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Recently by Erik Nygren
Apple's upcoming App Store submission requirement around supporting IPv6-only environments (announced last year at WWDC and being enforced starting June 1) has been getting plenty of recent coverage. iOS application developers already need to make sure their applications work in IPv6-only environments with NAT64+DNS64; however, this by itself does not mean that those applications (or web-based applications) obtain content over native IPv6.
It is now three years since World IPv6 Launch, and solid growth in global IPv6 adoption continues at a steady pace. With over 17% of the country's end-users actively using IPv6, the United States continues to be a dominant force in IPv6 traffic levels and adoption, with the top three U.S. broadband operators and all four of the top U.S. mobile operators actively rolling out IPv6 to their end-users.
No longer is IPv6 "just around the corner". It's here. In the half-year following when I last wrote about our measurements of IPv6 adoption, many of the metrics we were tracking have doubled. This is in large part due to increased adoption of IPv6 by residential broadband networks in the U.S.A. and Germany. As of December 2013, we were serving over 20 billion IPv6 requests per day, double the 10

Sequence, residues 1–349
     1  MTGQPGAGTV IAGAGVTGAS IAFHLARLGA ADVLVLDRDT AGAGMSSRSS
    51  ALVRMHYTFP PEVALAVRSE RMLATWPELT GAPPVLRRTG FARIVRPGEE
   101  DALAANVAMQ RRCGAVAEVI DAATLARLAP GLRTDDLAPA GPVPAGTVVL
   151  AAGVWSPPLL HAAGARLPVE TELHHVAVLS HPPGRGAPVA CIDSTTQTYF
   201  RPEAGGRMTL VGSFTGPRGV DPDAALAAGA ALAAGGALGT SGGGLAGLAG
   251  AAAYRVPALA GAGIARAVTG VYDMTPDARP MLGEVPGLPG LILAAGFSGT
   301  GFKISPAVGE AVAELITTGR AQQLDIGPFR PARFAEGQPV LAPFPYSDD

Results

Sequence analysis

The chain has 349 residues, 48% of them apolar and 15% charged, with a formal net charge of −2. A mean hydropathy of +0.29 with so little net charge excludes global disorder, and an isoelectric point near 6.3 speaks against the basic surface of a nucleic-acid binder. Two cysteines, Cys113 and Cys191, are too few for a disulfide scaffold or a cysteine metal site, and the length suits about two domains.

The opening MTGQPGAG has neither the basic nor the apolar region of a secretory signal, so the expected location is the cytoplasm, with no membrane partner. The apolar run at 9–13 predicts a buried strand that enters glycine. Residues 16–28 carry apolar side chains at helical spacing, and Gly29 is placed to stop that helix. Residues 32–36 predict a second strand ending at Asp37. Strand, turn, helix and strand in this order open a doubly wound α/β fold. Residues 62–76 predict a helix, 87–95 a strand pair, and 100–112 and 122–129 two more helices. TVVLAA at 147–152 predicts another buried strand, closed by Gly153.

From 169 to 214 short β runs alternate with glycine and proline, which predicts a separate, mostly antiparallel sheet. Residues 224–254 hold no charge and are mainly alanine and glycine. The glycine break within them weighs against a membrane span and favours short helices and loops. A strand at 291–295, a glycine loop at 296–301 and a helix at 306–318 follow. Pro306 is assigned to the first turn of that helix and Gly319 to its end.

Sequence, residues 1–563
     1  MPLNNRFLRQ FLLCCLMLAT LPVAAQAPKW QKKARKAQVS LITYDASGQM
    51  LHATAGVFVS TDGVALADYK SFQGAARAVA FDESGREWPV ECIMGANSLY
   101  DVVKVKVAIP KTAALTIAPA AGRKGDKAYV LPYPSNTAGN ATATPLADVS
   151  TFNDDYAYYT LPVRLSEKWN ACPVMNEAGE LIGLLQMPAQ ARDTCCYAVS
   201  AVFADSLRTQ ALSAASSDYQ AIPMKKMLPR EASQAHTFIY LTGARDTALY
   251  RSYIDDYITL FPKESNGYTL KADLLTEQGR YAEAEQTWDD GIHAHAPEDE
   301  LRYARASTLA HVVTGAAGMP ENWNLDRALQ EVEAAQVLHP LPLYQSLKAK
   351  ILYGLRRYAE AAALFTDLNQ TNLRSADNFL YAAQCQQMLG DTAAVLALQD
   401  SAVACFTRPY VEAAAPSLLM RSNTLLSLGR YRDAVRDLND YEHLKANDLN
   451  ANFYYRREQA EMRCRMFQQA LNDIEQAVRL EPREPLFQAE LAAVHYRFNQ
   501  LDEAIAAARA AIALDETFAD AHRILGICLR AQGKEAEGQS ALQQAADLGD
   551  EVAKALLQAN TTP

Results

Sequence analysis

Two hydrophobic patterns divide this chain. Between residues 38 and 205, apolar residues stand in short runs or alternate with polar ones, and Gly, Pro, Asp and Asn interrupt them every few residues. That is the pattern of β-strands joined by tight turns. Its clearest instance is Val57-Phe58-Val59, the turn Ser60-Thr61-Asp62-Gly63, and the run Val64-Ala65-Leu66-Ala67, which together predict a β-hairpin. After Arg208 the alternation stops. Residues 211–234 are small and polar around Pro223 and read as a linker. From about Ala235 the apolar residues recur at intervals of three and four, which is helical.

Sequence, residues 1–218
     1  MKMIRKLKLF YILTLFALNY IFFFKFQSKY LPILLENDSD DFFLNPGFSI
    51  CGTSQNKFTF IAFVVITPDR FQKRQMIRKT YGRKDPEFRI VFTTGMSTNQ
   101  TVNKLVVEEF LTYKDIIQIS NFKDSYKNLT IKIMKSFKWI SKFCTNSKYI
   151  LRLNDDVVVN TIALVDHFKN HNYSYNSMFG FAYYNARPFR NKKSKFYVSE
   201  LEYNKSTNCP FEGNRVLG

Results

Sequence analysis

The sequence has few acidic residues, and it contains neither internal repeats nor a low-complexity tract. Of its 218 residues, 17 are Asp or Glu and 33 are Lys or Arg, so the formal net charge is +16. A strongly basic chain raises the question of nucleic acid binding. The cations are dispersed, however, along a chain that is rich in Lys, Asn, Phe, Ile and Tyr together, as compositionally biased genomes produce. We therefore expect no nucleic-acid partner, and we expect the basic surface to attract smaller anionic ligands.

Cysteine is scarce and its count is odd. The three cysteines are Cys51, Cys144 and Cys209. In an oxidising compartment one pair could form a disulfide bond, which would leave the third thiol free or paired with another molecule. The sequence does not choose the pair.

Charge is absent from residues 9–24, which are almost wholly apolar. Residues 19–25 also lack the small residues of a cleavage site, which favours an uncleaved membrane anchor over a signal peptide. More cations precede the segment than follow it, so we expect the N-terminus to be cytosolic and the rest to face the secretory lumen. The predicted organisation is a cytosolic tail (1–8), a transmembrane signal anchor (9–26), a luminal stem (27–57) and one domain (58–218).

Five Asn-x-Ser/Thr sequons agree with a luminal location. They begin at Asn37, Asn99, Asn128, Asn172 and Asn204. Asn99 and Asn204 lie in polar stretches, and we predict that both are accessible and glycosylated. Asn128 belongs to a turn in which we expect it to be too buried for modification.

It has been a year since I last wrote about World IPv6 Launch and our measurements of IPv6 adoption at the time. Since then, we've seen continued momentum around increased IPv6 adoption on multiple fronts, with more IPv6 end users as well as with more content becoming available over IPv6. The net result of this is that IPv6 traffic on Akamai's global platform has increased to be over 250% of
Here at Akamai we've been closely monitoring IPv6 traffic across our network for quite some time - including the months leading up to World IPv6 Launch all the way through to the present. In this post, I wanted to share some of the more meaningful IPv6 traffic data we've observed, both during the 24 hours of the World IPv6 Launch milestone and in the weeks since.
With the era of freely available IPv4 addresses nearing its end, I'm pleased to see that 2012 appears to be the year when the IPv6 Internet will finally reach maturity and launch into wide-scale commercial use. For over a decade, the groundwork for the migration to version 6 of the Internet Protocol (IPv6) has been built, with changes to operating systems, client and server software, routers, and Internet backbone networks.